Sunday, April 25, 2004

I just stumbled on a weblog about programming languages and their design, called Lambda the Ultimate. Similar to what I want to do here, although I want to focus more specifically on languages that bridge the gap in some interesting way between natural human languages and traditional computer languages.

Thursday, April 22, 2004

Apocalypse 12 is out.

In case you live in a cave, the Apocalypses are Larry Wall's occasional manifestos (manifesti?) about how some aspect of Perl 6 will work. I read them with great interest because I like how Wall thinks, and I'm an avid user of Perl, and Perl 6 has some great ideas in it. I like hyperoperators and the new regular expression syntax. That being said, I'm getting kind of worried that Perl 6 is going to be too crufty. Look at what you can do with subroutine signatures. It seems unnecessarily complex and cryptic.

Of course I thought that back when I was learning Old Perl, but now I know it well and can use pretty efficiently, so I'll withhold judgment on Perl 6 until I get a chance to use it.

Monday, April 19, 2004

What this blog is about

The last post was mostly a test. What I want to do here is review computer languages that bridge the gap between computer language and human language in some interesting way.

Lojban is an attempt to make a human language somewhat more approachable by computers -- it has a yacc-parseable grammar that is syntactically unambiguous. In practice so far it has been used for communication between humans, not to specify or constrain a computer's behavior in any way. But it's a good example of an effort to think about some of the differences between the two kinds of language and find halfway points.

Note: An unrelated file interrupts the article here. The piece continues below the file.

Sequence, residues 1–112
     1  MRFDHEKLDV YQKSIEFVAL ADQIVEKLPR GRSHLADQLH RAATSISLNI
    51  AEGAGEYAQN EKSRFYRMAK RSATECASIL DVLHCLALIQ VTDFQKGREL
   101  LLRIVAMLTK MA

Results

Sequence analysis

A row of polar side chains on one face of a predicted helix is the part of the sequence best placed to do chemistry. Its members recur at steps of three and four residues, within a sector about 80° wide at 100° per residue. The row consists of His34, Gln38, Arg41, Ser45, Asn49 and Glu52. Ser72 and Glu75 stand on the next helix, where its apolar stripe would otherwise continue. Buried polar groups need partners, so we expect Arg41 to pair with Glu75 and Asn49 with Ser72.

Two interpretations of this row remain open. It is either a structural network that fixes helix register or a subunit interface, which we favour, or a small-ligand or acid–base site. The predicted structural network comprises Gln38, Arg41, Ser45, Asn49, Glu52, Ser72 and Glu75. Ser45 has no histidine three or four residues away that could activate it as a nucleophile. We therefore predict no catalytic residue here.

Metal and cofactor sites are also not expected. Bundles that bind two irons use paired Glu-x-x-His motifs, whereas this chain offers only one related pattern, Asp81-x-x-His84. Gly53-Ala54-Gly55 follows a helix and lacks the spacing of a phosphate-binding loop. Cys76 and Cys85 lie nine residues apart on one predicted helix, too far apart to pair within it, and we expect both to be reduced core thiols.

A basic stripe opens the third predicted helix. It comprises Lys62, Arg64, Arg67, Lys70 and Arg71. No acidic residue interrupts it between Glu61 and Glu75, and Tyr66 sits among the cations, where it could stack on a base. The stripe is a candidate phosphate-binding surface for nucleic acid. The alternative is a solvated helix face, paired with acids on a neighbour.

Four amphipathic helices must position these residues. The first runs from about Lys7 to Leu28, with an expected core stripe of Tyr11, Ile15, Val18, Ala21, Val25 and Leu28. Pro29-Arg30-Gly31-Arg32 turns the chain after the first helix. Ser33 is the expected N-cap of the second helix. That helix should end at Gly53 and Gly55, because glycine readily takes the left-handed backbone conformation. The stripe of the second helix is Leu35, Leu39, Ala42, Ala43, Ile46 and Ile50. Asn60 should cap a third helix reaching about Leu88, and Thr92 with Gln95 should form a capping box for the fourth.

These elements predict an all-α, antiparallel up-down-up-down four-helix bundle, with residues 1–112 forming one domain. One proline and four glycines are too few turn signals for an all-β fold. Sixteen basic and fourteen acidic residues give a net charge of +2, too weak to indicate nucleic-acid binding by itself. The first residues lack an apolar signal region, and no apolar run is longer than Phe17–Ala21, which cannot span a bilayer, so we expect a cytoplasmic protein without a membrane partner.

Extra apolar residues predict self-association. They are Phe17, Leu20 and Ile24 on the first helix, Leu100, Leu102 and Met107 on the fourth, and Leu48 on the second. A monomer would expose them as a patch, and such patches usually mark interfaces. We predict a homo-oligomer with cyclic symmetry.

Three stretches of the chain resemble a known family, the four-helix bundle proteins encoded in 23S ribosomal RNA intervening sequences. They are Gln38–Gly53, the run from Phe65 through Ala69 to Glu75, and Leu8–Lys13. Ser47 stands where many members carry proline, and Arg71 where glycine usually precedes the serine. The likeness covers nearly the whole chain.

I do think that someday computers will be able to cope with human language. For programming I think we'll always need something a little more precise (like the language used in human legal contracts, maybe) to avoid some ambiguity.
But that day could be a ways off; why not meet the machine halfway for now? High-level languages have come a long way from raw machine code in doing this; I'm interested in seeing in what other ways computer languages can be more human without requiring outright artificial intelligence in the computer that uses them.